This winter has largely been a mild one, however, for residents who live in Upper East Side apartments buildings noted for having chronic complaints about no heat going back years, it certainly can feel like a cold one.
While far from being the neighborhood with the most complaints, or even the most buildings with chronic complaints, Upper East Side buildings have their fair share of trouble keeping the heat pumping each winter. There were more than 9,700 complaints about inadequate heat across the Upper East Side during a five year period from 2017 to 2021, according to a new report from New York City Comptroller’s Office.
“The City must turn up the heat on landlords who leave their tenants in the cold,” said Comptroller Brad Lander.
“The good news here is that our enforcement tools work: when HPD issues violations, sues landlords, does emergency repairs, or installs heat sensors – problems get fixed. But far too often, none of those actions take place even in buildings that are cold year, after-year, after-year,” Comptroller Lander explained.
And he’s right. Just two of six UES buildings identified as having persistent heat complaints — defined as five or more complaints every winter — received violations or had litigation filed against the landlord, according to the new ‘Turn Up The Heat’ report.
Under the law, building owners are required to provide heat for tenants between October 1st and May 31st. The indoor temperature is required to be at least 68 degrees from 6:00 am to 10:00 pm when the outdoor temperature is below 55 degrees, and is allowed to dip as low as 62 degrees overnight.
Comptroller Lander says the city needs to act now, using technology to prioritize inspections focusing on buildings with persistent heat complaints.
“More strategic, data-informed enforcement and escalating penalties against landlords who repeatedly fail to provide heat are necessary to ensure safe and warm apartments for all New York City tenants,” Lander said.
According to the report, the 48-unit walkup rental building located at 418 East 88th Street received a total of 52 heat complaints during the five-year period. A studio apartment last went for $2,400 a month inside the heat-challenged building.
Head over to 309 East 61st Street and you’ll find another five-story rental building, described on StreetEasy as being part of “well-maintained” complex, where residents have filed 55 complaints about faulty heat, according to the Comptroller’s report.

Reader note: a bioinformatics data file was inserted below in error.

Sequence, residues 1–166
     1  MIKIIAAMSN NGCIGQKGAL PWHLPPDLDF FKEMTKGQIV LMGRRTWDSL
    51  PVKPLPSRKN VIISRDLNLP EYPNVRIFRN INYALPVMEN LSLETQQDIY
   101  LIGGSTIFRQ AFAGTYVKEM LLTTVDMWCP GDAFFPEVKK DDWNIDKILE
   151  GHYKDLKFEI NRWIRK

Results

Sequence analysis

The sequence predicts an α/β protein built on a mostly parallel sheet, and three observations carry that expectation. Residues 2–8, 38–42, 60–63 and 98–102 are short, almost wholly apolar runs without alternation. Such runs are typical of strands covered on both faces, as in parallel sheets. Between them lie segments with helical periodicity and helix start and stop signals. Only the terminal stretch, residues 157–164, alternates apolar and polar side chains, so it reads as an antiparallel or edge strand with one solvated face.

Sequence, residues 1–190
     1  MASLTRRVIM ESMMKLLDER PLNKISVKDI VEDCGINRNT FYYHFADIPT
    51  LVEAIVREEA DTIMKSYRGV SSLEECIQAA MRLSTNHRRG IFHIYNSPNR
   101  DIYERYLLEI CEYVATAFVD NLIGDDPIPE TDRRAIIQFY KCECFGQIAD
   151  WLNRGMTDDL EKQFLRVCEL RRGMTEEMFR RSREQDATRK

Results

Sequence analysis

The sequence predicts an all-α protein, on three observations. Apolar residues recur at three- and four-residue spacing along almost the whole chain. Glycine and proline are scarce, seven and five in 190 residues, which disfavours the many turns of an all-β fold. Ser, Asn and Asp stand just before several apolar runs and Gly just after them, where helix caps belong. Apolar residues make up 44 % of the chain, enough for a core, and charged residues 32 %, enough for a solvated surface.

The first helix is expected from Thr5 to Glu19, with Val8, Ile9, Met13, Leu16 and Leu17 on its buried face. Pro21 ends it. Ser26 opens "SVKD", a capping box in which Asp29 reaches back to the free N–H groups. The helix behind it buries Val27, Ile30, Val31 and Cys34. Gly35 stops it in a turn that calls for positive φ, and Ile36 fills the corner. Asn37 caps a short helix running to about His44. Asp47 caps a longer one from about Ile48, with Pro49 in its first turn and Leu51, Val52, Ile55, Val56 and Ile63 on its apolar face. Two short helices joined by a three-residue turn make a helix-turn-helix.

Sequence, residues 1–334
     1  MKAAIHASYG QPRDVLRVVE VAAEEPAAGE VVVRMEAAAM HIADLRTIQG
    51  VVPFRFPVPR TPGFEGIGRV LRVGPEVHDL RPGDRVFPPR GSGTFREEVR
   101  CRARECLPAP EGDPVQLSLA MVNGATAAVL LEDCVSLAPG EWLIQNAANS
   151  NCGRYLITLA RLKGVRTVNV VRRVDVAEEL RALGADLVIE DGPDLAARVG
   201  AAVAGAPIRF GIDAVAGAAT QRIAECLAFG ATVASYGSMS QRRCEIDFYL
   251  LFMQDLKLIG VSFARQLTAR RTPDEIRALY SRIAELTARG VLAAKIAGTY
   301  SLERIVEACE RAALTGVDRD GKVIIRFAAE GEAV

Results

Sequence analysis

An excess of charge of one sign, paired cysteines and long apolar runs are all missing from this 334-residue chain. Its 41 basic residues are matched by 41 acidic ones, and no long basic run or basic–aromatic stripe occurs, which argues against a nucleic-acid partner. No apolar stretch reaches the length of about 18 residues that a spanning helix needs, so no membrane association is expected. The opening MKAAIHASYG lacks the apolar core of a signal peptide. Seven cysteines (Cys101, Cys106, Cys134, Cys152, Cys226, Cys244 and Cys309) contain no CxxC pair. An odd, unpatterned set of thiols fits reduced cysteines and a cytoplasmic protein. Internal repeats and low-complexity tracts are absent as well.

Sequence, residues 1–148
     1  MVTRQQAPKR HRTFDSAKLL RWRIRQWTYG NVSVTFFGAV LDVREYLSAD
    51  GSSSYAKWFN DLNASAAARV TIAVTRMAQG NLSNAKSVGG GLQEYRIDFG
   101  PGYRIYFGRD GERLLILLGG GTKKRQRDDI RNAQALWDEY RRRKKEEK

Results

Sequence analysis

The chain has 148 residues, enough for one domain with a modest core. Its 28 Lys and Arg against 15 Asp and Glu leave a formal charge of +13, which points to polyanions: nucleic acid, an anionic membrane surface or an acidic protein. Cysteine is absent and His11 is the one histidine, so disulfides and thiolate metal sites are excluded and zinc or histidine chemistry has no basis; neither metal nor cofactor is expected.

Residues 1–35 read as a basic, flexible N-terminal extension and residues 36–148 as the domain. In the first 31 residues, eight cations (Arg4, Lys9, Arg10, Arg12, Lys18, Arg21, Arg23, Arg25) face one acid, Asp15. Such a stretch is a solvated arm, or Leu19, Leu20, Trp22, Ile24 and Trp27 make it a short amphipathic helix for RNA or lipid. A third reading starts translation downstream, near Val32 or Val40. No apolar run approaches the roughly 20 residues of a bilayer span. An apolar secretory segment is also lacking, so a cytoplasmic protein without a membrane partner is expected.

The landlord has been both issued a violation and slapped with a lawsuit over the issue. If you like your apartment chilly, a two bedroom is currently available for rent for $2,495 a month.
Meanwhile, the six-story building at 235 East 84th Street, where there are 41 apartments, racked up a total of 107 heat complaints during the five year period. It is also home to Brandy’s Piano Bar. A one bedroom unit in the building was last listed for $2,095 a month.
Just around the corner at 1626 Second Avenue, formerly home to the restaurant Who’s Jac W.?, the report says a total of 112 complaints were filed despite containing just nine apartments. Three lawsuits were also filed over a lack of heat. A one bedroom apartment there costs $3,000 a month.
With the second most complaints, at a stunning 222 filed between 2017 and 2021, is 405 East 69th Street. Yet another five-story walk up building, its contains a total of 40 units and rents for $2,450 per month for a one bedroom.
Finally, the Upper East Side building with most chronic heat complaints isn’t another low-rise walkup, it’s a sprawling 12-story luxury building occupying half a block in Yorkville.
Described as having “expansive floor plans and abundant natural sunlight create a feeling of openness, space and warmth,” what 245 East 80th Street also has is 295 heat complaints over the past five years — more than any other building on the Upper East Side. A third floor one bedroom apartment there runs $5,200 a month.
Likely an oversight since it isn’t housing, but an Upper East Side office building also ended up on the Comptroller’s report for receiving chronic heat complaints — none other than the FOX Television Center at 205 East 67th Street, home to FOX 5, which racked up a total of 73 complaints about inadequate heat.
Someone get Rosanna Scotto a blanket — she’s a New York treasure and needs to be protected at all costs.